The dwarves were forming up to charge into the cave. Emily shook herself from the goblin’s plight and focused on the battle at hand. It was strange how easily her mind could wander at pressing times.
“Ye are rather good with that bow, missy,” Hadkar said, “but ye best be careful inside. It’s dark, and I don’t want to get one in the back.”
“You won’t,” she scoffed, “and I have my knife if I can’t get a shot off.”
The dwarves went first and not as quietly as Emily would have liked. Their clothes were mostly fur and leather like Emily’s, but the chain links woven into the fabric chinked with their movements. Their boots were heavy, too, grinding on the rocks, then echoing off the cave walls. Amongst the noise they made, Emily couldn’t tell if she was adding any of her own. Her footsteps seemed silent, but what was the point when her allies’ were not?
What a waste, killing that orc quietly, she thought.
And then the sharp sound of metal striking rock echoed up to her ears.
Clink, clink, clink-clink, clink, clink.
An image of pickaxes driving into stone conjured itself into her mind, and swinging one of those picks was a man with long, dark hair and equally dark eyes. Emily’s heart quickened.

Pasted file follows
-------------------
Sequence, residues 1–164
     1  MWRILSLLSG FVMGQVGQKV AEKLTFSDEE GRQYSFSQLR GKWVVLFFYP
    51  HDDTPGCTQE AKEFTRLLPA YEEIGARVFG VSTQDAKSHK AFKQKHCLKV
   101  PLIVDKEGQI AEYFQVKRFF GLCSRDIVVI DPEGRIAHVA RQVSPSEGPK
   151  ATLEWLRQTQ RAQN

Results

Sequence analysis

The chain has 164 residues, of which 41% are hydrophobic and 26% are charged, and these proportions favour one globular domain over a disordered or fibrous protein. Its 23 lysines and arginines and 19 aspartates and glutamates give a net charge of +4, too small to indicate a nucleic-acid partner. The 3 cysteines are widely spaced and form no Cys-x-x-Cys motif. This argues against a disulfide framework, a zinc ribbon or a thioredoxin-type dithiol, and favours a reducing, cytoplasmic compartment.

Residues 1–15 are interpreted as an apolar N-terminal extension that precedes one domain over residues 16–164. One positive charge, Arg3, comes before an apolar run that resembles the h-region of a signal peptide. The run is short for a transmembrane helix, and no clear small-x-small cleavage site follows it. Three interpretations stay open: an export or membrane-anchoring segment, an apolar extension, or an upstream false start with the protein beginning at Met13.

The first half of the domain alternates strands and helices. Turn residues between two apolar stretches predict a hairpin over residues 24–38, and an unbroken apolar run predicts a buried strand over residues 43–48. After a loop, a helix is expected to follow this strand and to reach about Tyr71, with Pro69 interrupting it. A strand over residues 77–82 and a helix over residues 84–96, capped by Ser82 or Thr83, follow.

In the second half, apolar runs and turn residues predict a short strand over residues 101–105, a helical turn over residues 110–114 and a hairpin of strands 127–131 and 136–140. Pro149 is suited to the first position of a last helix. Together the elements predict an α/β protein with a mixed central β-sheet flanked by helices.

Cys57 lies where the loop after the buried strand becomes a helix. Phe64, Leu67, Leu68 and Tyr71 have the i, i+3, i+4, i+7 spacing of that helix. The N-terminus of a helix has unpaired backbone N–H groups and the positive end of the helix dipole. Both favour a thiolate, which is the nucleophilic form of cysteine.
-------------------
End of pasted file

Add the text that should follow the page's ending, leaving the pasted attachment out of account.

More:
The dwarves descended into the cave, which quickly became a tunnel. It sloped down into the mountain, turning when crevices allowed, and occasionally, a pocket of light that pierced an unexplained hole in the cave’s roof would show the way. The striking grew louder and louder, and then they rounded a bend and the tunnel opened into a shallow, torch-lit cavern filled with a near-dozen orcs, a few less than that of slaves, and half as many goblins.
The dwarves roared and charged, and Emily released an arrow at the first orc she saw. She had considered drawing two arrows, but quickly dashed the thought. Without a steady source to make more arrows, her precious ammunition needed to be conserved. Fortunately, she had allies.